The way the UK left the country last year was a “betrayal” that “likely cost lives”, an inquiry has found.
The UK’s withdrawal from Afghanistan last year was a “disaster” and a “betrayal” that will damage the nation’s interests for years, an inquiry by MPs has found.
The Foreign Affairs Committee said there had been “systemic failures” of intelligence, diplomacy, and planning.
“Mismanagement” of the evacuation as the Taliban quickly took over the country “likely cost lives”, MPs said.
The UK government said “intensive planning” went into the withdrawal.
A spokesperson for the Foreign, Commonwealth and Development Office defended its handling of the withdrawal and said it would review and respond to the committee’s findings.
But the MPs who carried out the inquiry said they had lost confidence in the department’s top civil servant, Sir Philip Barton, and urged him to consider his position.
The report said Sir Philip, the then-Foreign Secretary Dominic Raab and Prime Minister Boris Johnson were all on leave when the Taliban took Afghanistan’s capital, Kabul.
“The fact that the Foreign Office’s senior leaders were on holiday when Kabul fell marks a fundamental lack of seriousness, grip or leadership at a time of national emergency,” the cross-party committee said.
Labour’s Shadow Foreign Secretary, David Lammy, said the report “highlights the scale of the government’s incompetence, laziness and mishandling” of the withdrawal.
“The Conservative government has badly let down Britain’s reputation on the global stage and those responsible for this calamity should be held accountable,” he said.
A coalition of international forces – led by the US – completed their withdrawal from Afghanistan on 30 August 2021, marking the end of the 20-year campaign in the Middle-Eastern country.
US-led forces went into Afghanistan in 2001, removing the Taliban from power in the wake of the 9/11 attacks, which were blamed on al-Qaeda – a militant jihadist group.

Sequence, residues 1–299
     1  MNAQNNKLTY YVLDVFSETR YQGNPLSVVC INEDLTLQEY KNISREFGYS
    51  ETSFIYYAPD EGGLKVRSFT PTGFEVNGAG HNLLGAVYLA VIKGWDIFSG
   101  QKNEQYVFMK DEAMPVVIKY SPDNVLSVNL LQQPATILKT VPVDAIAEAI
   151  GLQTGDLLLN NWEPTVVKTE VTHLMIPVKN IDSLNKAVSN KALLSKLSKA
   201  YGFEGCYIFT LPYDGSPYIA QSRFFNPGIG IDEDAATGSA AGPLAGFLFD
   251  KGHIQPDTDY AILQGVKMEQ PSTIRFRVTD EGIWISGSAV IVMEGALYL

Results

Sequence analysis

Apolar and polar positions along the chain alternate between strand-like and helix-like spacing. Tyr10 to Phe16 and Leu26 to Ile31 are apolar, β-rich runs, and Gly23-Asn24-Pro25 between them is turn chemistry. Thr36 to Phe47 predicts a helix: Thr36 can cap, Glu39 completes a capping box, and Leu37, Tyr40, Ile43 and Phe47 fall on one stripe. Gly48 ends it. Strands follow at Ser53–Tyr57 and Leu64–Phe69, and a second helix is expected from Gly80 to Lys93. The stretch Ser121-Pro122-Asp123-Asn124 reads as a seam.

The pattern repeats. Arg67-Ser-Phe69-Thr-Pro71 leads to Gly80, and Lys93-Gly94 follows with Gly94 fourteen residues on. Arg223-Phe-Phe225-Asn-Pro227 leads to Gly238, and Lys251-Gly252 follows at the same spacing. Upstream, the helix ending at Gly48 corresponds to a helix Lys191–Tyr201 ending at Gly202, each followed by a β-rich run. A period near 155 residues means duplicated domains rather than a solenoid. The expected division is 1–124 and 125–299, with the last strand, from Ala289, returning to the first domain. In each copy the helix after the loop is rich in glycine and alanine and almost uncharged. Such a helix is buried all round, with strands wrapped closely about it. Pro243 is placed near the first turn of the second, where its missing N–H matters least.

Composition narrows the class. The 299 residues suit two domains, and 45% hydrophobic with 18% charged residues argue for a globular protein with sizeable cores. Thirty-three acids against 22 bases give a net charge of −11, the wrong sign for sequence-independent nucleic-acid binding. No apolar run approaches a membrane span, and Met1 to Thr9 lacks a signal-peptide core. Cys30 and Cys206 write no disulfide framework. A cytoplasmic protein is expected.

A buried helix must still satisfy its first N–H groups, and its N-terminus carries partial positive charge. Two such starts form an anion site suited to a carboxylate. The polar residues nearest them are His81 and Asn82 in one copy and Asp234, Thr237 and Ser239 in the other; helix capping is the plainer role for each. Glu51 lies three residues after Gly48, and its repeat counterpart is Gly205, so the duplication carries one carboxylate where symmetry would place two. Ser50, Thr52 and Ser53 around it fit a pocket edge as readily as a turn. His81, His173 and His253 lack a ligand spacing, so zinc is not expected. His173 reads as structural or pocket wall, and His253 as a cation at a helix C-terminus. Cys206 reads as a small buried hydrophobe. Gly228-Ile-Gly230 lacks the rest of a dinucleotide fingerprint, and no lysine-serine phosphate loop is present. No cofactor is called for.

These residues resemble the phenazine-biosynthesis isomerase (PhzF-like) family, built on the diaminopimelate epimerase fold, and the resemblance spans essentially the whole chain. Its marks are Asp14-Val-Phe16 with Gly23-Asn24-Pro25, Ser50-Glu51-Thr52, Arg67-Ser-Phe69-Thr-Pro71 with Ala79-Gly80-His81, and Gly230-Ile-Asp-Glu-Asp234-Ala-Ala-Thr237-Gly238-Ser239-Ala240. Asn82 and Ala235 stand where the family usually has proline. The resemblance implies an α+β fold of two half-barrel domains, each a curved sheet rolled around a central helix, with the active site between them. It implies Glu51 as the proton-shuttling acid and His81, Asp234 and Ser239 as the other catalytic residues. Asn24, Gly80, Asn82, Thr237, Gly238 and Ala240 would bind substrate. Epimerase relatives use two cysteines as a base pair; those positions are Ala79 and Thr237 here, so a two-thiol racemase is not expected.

The UK sent forces but ended its combat operations in 2014, leaving hundreds of troops to help train the Afghan government’s army.
In February 2020, a withdrawal deal was signed by the Taliban and the US under former President Donald Trump and a year later his successor, Joe Biden, honoured the agreement.
As the US pulled out troops and reduced military support for the Afghan army, the Taliban made rapid territorial gains, reclaiming control of the whole country by mid-August.
“The UK’s part in this tragedy exposes a lack of seriousness in achieving co-ordination, a lack of clear decision-making, a lack of leadership and a lack of accountability,” said Conservative MP Tom Tugendhat, who chairs the Foreign Affairs Committee.
A reminder of the horror and shame
The report brings back the sense of horror and, for some, shame generated by last August’s traumatic evacuation from Kabul.
It was always inevitable that ministers and senior officials were going to be lambasted. During the committee’s hearings, MPs expressed their dismay that the Foreign Office’s top civil servant hadn’t seen fit to return from holiday until the civilian evacuation was over.